The families are still grieving in Christchurch. I cannot imagine the pain, and when you hear the stories of the people in Christchurch, the people who were gunned down at worship - a particularly vulnerable posture. Surgeons, doctors, fathers, kids - just people going about their day. When you hear about that story of one last victim who greeted his attacker with those words, "hello brother" . This is not who we are. Nations make choices.
 
We've got to learn the lessons. I say to the social media giants, you have a commercial dynamic that you sell as liberty. But there is no liberty to hate. There is no liberty to practice hate speech. I say to those big social media giants, you cannot be distant, an island away from the conduct of your platforms. If a newspaper wrote some of the stuff that you allow on your media platforms, they'd be in court. If individuals at a cafe or a pub spoke in the way that you let people speak online, there'd be a call to the police.
 
I just say, we've all got to learn the lessons from this. We've got to work together to make sure this can't happen again. But this scene today, which I was privileged to be here, when I witnessed ordinary Australians of all faiths backing each other up, saying this is not who we are. It was a privilege for Chloe and I to be here today, and as Leader of the Labor Party we will help learn the lessons to prevent this evil ever happening again. 
 
Happy to take any questions people might have. 
 
JOURNALIST: What do you think of Fraser Anning's egging yesterday?
 
SHORTEN: Listen, the young man who egged him, that was a mug thing to do. You don't get your message out by coming up and crunching an egg on someone. That's just stupid. But when I also saw – so I've got no time for that, doesn't matter what rubbish that the politician was spouting, you don't want to give this foolish politician, this hurtful politician, any sense of the moral high ground, because he has none. 
 
But when I also saw the footage, some of those right wing extremist thugs, how many tough extreme right wingers does it take to wrestle with a 17 year old boy? Clearly too many - it's just wrong. So the police will have to do what they've got to do, and in a democracy I'm not going to interfere with what the police do.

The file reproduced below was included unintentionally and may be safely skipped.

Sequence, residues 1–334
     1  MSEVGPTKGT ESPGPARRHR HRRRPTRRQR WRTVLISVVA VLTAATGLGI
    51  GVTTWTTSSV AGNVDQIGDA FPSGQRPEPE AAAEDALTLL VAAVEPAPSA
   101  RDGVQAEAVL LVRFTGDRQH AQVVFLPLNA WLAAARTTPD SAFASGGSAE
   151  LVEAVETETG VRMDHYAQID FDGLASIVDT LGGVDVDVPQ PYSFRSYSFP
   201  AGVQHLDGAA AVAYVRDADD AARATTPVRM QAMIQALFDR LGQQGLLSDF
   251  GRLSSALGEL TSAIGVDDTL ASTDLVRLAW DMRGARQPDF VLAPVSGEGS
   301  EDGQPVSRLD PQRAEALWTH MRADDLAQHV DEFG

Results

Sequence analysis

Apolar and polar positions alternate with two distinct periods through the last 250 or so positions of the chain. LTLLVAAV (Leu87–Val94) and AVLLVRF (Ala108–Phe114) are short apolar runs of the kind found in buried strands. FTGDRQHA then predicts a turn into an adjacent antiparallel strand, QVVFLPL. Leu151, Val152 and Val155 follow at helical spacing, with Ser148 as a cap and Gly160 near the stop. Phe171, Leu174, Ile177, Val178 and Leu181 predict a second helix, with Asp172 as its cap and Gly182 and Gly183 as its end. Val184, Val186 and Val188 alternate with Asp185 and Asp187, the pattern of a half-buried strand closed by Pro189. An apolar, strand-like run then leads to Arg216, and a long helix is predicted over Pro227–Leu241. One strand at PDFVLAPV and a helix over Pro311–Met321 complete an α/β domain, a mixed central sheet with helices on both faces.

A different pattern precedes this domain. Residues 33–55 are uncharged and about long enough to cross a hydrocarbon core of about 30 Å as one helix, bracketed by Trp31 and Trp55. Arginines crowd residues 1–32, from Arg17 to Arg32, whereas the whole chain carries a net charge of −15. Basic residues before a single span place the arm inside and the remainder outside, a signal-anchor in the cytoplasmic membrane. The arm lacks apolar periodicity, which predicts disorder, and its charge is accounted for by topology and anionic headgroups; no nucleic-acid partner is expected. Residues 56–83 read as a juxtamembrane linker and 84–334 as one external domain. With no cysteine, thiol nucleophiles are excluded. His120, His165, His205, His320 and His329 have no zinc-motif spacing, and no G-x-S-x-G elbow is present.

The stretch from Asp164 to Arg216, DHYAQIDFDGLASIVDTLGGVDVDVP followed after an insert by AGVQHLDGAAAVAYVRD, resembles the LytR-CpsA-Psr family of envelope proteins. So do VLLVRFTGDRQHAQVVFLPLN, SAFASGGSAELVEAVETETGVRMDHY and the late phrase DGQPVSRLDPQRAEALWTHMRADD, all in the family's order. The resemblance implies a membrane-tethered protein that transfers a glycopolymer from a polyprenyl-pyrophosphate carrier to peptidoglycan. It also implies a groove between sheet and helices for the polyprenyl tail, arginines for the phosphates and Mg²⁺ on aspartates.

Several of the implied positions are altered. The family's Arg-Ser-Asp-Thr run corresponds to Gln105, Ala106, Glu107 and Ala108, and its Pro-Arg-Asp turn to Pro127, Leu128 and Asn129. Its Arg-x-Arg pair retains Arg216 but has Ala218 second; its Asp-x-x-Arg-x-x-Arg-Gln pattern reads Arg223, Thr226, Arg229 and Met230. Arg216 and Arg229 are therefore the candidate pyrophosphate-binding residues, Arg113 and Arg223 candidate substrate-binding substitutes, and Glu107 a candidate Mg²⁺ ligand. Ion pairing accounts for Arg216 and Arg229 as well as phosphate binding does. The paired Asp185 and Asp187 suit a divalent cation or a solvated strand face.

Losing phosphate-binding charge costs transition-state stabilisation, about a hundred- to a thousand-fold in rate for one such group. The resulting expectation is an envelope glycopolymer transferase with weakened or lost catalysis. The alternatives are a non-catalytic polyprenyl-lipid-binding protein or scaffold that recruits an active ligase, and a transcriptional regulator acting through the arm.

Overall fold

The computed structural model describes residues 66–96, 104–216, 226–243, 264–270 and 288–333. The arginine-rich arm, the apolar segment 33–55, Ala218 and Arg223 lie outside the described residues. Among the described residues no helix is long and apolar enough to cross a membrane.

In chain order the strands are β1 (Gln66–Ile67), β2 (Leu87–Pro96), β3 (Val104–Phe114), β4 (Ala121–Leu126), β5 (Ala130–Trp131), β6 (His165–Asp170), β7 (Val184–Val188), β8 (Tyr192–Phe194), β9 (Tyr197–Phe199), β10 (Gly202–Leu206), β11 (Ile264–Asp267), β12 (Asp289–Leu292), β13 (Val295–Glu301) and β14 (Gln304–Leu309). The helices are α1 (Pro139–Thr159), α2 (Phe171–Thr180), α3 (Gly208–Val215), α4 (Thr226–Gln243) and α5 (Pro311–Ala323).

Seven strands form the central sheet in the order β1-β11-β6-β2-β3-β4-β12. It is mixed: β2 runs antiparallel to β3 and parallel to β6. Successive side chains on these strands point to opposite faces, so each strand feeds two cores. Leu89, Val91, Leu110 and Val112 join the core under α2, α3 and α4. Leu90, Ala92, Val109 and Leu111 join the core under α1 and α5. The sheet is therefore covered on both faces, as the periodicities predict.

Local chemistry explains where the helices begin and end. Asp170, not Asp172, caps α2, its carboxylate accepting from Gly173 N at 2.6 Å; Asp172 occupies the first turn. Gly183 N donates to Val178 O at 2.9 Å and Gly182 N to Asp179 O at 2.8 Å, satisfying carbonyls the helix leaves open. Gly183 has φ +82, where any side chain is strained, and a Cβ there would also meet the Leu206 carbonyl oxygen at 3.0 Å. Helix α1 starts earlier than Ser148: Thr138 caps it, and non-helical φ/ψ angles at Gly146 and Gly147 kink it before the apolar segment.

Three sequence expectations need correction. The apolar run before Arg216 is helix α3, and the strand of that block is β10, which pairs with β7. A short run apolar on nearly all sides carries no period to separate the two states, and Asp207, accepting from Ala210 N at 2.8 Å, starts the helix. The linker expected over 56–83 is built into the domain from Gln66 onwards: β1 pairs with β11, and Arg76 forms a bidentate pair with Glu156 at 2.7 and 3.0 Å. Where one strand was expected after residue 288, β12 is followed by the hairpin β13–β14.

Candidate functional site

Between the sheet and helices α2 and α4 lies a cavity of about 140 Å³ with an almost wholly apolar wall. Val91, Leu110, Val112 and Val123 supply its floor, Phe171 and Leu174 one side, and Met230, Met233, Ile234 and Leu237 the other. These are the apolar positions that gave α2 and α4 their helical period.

JOURNALIST (ON PHONE): Hi Bill, how are you going?
 
SHORTEN: Good Fi. 
 
JOURNALIST: I've got two questions - two topics to cover (inaudible). 
 
SHORTEN: I'll do the non-Christchurch questions in a moment. Did you have any on that?
 
JOURNALIST: (inaudible)
 
SHORTEN: Okay, just on just on Milo Yiannopoulos. You've got to ask the Government, the department said don't let this character in and the Government Ministers overruled the department. Now they've changed their mind after Christchurch. What is it that Milo Yiannopoulos has said after Christchurch that he wasn't saying before Christchurch? He shouldn't have been allowed in, you should've listened to the department, you've got to the right answer now, but it shouldn't take the events in New Zealand for the Government to get the answer right
 
Let's prevent hate speech. People are entitled to freedom of speech, but they're not entitled to oppress the liberty of others. These extremists perpetuate hate. Not all extreme right wing hate speech ends in extreme violence, but all extreme right wing violence starts in extreme right wing hate speech. He should never have been granted the visa. I'm glad they've overruled it now.
 
In terms of your question on Medicare, I'm pleased if the Government's putting some money back in, but they took $3 billion out of Medicare through their freeze on patient rebates. They've taken $2.8 billion in cuts to hospitals, $360 million in cutting preventative programs. So it's a drop in the bucket. It's five minutes to midnight and I think it's too little too late. Thanks Fi.
 
JOURNALIST: Thank you.
 
JOURNALIST: In terms of Facebook, what responsibility do you think social media giants like that have to stop broadcasting material like this?